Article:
7 13.3 472.04 4.1371 0.2 13.4920 0.5255 0.2 32.7 1149.3 19.73 4.0 13. Measured short tube length is 1.1357 0.7 473.1884 1.3 30.4 30.3 8.1372 0.4 13.1349 0.5 439.6 32.4087 1.7 1128.5 1756.1360 0.3 31.1374 0.4 10.1 32.94 3.1341 0. 471.42 3.1386 0.5 1704.2467 1.2571 1.3 1128.95 3.27 cm.1 12.7 32.4 1687.2397 Pressure drop across the evaporator was added to the suction pressure.6 458.6 430.3 10.0 424.7 473.72 4.4765 0.9 1150. CMeasured short tube diameter is 0.0 1105.5 480.5294 0.6 1103.6 472.Table 1.9 1474.3117 1.8 1115.1333 1.3 1928.0 1652.9 10.3175 1.2 1146.1 1673.3127 1.5 1538.5038 1.4 1668.2114 1.1363 0.0 12.2804 1.72 3.9 1542.0 13.3421 1.0 30.5228 0.3795 1.1 7.4 31.1 1518.2 1111.6 1113.5079 0.4 30.9 561.1397 cm.74 3.4 1697.5 29.7 1618.2 487.4 32.8 1128.1 1121.1 1153.5169 0.1369 0.1374 0.3 32.52 3.6 1544.5574 0.4 1501.97 3.0 1112. .4 32.4628 0.1 1109.7 32.1355 0.2273 1.1346 0.4 546.6 17.28 5.2 32.0 8.8 12.1 33.3 390.3 1756.1 11.1336 0.98 3.28 3.4794 0.1361 0.9 30.1364 0.6 412.2195 1.1364 0.8 2044.1 1737.54 3.12 3.5584 0.92 3.3146 1.1375 0.02 4.3 422.4991 0.4819 0.40 3.9 411.65 3.1 .2 32.2840 1.47 0.5081 0.7 468.5137 0.3 1942.8 442.0 1109.0 1121.3192 1.2 1597.5155 0.3 6.4135 1.5099 0.2 437.2 32.4999 0. bMass flow rates were corrected by recalibrating the rotameter with a turbine meter.0 1133.9 8.1304 0. Upstream Pressure ~C kpa Downstreama Pressure kpa EXPERIMENTAL RESULTS BY DOMENGORENA AND BALL [8] Liquid Density k/m Degree of Liquid SubCooling C O Massb Flowrate kg/s x 10 Calculated Value of C Calculated c Short Tube Diameter cm Calculatedc Short Tube Length cm 32.0 1149.1373 0. Liquid Temp.0 9.4850 0.5 1599.00 3.8 1151.4874 0.6 18.5 547.2643 1.3388 1.0 1119.5520 0.4 4.

NOMENCLATURE jA IJ~ Area of the tube opening Orifice constant O ~ C D G g L m P P I Diameter of the short-tube opening Refrigerant mass flow rate per unit area Dimensional constant Length of the short tube Refrigerant mass flow rate Tube upstream pressure Tube downstream pressure P -P up down AP AT XE P1 up down Level of liquid subcooling Vapor quality at equilibrium condition Liquid density {~~~P .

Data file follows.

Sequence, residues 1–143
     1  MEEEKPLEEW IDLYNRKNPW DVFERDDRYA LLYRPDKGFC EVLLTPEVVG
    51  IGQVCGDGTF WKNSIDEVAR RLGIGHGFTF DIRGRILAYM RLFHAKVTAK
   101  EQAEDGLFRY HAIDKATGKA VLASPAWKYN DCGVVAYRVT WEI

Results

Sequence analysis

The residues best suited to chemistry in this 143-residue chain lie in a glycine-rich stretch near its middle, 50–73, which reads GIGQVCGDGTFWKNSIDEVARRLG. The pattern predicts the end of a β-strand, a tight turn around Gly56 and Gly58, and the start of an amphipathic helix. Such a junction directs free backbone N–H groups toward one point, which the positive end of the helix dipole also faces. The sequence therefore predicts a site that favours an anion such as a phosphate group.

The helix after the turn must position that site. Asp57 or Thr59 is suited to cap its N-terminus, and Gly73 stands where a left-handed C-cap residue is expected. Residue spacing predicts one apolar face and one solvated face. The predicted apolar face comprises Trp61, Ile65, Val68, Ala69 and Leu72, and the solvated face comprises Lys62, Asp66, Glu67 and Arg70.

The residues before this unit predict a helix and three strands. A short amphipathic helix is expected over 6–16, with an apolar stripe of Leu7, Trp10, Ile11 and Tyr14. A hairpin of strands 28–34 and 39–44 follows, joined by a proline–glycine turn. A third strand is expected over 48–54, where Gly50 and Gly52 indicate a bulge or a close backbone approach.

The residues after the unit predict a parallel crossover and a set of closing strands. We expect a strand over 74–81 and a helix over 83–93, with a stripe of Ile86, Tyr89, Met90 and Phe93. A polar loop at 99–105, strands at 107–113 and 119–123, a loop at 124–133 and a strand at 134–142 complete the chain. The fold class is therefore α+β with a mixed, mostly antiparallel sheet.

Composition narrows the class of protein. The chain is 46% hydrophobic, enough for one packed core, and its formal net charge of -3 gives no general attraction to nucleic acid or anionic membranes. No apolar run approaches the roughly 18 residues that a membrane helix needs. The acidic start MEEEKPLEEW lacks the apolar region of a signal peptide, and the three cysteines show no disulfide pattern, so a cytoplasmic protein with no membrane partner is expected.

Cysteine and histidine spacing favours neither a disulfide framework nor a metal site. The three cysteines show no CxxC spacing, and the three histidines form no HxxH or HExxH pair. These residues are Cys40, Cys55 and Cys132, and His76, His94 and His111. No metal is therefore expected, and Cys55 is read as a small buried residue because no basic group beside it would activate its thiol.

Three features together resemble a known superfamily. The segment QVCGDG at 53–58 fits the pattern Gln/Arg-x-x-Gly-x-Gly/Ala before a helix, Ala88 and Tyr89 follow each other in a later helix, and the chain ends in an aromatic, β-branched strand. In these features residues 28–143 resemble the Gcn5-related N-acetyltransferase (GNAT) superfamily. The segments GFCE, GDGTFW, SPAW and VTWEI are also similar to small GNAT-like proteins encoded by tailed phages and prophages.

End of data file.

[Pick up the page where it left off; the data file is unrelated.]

Fauske. Illinois. K. C. Isbin. Fauske "The Discharge of Saturated Water Through Tubes". H. Orifices. H. R. Levy. D. Uohida.and Two-Component TwoArgonne Phase Critical Flows at Low Qualities. Henry. 1963. J. Standford Univ. "Short-Tube Refrigerant Flow ASHRAE Trans. Domingorena. England 1968. Glasgow. "The Critical Flow of Hot Water through Short Tubes. 88. of Heat Transfer. February 1965. V. Heat Transfer and Fluid Mech. Vol. H. Nariai. H. Washington. ORNL/CON-23. Zaloudek. Fauske. National Engineering Laboratory. Eas Kilbride. Flow of the Component Mixtures in Nozzles. Press." ASME J. [9] [10] [11] . K. of Heat Transfer. Mei. S. E. Standford. G. Seattle. R. "Two Phase Flow through an Aperture. "Critical Two Phase Steam-Water Flows"." Proceedings of the Third International Heat Transfer Conference Aug. 1965. "The Two Phase Critical R." Proceedings of the 1962 Heat Transfer and Fluid Mechanics Institute." USAEC Report HW-77594. 166. R. 61.. E. H. Vol. "A Study of One. 59. Chemical Engineering Progress Symposium No. Restrictors.. "Performance Evaluation of a Selected Three-Ton Air-to-Air Heat Pump in the Heating Mode (Oak Ridge National Laboratory Report.." [2] [3] [4] [5] [6] [7] [8] A. January 1980. Inst. Henry. Chicago. S. K. "Calculation of 'Choking' Flow Rate During Steam-Water Flow Through Pipes. and Short Tubes. Univ. part 2. 1961 Proc. of Washington. "Prediction of Two Phase Critical Flow Rate. "Discharge of Saturated Water through Pipes and Orifices. Cleveland." ASME J. 7-12. S. Ball. March 1968." NEL Reports 377. May 1971. A. January 1962. Gavalas." National Laboratory Report ANL-7430. Heat Transfer.REFERENCES [1] H. F. Chisholm.